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Comments on Device Independence Principles 020628 from ACCESS

From: stephane boyera <boyera@w3.org>
Date: Mon, 29 Jul 2002 11:01:16 +0200
To: <yam@access.co.jp>, <www-di@w3.org>
Cc: "'stephane boyera'" <boyera@w3.org>
Message-ID: <000401c236de$7f31b980$06ca608a@inria.fr>


Dear Mr Yamakami,

I'm forwarding your mail to the mailing-list.
If you want to interact freely with the mailing-list I would recommend
subscribing to it.

Best Regards
Stephane Boyera
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-----Original Message-----
From: T. Yamakami [mailto:yam@access.co.jp] 
Sent: Monday, July 29, 2002 10:33 AM
To: www-di@w3.org
Subject: Comments on Device Independence Principles 020628 from ACCESS




Hello, DI experts:

 This is Yam, ACCESS, Japan.

 Attached please find the comment to DI principle draft dated September
2001.  I would like to express my thanks to Dr. Gimson who kindly
advised me how to post a comment.

 Regards,

-- Yam

===============================================================
Comments on Device Independence Principles 020628 from ACCESS
(yam@access.co.jp) 1. Summary:  We think the DI-2 to DI-6 needs further
considerations to be embedded into the Device Independence Principles.
Even we agree the high level goal of the Device Independence Principles,
there are three major problems in the current set of Device Independence
Principles.
 (a) It is too web page identifier-centric.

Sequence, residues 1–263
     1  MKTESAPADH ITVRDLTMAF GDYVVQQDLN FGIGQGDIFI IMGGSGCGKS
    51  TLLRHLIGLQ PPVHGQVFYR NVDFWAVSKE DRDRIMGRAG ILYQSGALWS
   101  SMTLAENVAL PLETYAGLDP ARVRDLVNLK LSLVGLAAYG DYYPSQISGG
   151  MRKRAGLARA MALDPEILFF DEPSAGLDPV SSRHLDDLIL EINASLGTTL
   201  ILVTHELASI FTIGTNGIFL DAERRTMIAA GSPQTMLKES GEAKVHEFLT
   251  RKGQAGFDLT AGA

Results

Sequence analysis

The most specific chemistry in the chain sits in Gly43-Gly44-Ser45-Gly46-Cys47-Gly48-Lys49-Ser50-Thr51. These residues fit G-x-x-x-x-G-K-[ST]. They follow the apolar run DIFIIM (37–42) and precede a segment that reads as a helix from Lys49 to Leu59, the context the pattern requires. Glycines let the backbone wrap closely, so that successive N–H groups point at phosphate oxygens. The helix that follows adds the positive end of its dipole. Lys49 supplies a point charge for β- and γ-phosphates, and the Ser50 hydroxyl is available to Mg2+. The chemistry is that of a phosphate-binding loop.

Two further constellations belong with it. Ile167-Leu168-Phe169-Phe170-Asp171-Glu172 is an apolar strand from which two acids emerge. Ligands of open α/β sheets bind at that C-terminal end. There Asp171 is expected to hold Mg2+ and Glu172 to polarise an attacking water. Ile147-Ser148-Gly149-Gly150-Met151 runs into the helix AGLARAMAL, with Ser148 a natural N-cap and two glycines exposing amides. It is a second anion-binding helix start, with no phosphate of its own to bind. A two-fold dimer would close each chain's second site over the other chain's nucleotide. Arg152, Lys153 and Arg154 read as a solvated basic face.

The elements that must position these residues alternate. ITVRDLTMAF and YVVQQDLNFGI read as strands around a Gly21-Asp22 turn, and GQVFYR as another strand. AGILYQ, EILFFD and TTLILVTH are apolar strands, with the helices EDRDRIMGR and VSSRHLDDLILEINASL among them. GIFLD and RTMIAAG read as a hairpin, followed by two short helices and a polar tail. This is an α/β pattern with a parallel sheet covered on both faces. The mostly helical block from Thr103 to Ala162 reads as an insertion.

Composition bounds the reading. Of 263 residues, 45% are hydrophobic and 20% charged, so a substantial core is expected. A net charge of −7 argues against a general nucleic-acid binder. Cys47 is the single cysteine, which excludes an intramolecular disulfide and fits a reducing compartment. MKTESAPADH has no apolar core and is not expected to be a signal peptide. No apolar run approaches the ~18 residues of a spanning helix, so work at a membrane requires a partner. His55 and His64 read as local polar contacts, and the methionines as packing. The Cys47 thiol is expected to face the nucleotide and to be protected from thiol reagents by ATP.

(b) It is too tightly coupled with implementation-dependent or policy
decision issues.
 (c) The protection for end users should be clearly emphasized.

 In conclusion, we propose to split the current set into the two parts,
one for universal access guidelines and the other for content adaptation
principles to clearly separate the individual distinguished rights and
interests.

2. Rationale:
 The device independence principles draft describes the high level
guiding sprit of the device independence works in W3C. The goal of the
easily accessible web is an agreeable one, however, the current DIPs
needs a significant revision. The fundamental issue to be resolved to
augment the web usability is that the device independence principles has
two aspects, one from the end-user requirement driven, and the other
from the value-added server requirement driven. These two aspects may be
peacefully met in the long run, however, the significant discrepancy
among them should be well recognized.

When we discussed the issues in Delivery Context Workshop in March, we
witnessed the significant confusion among the various technical terms
surrounding Device Independence. For example, these terms include
dynamic content, single authoring, universal access, delivery context,
context dependent web service, multi-modal access, and content
adaptation. The author agrees with the DIP-1. However, as discussed
below, DIP-2 to DIP-7 are too web identifier-centric to consider lessons
from the reality of wireless Internet.

The fundamental issues in the current device independent principles are
as follows:
(a) the principles assume that the dynamic content adaptation with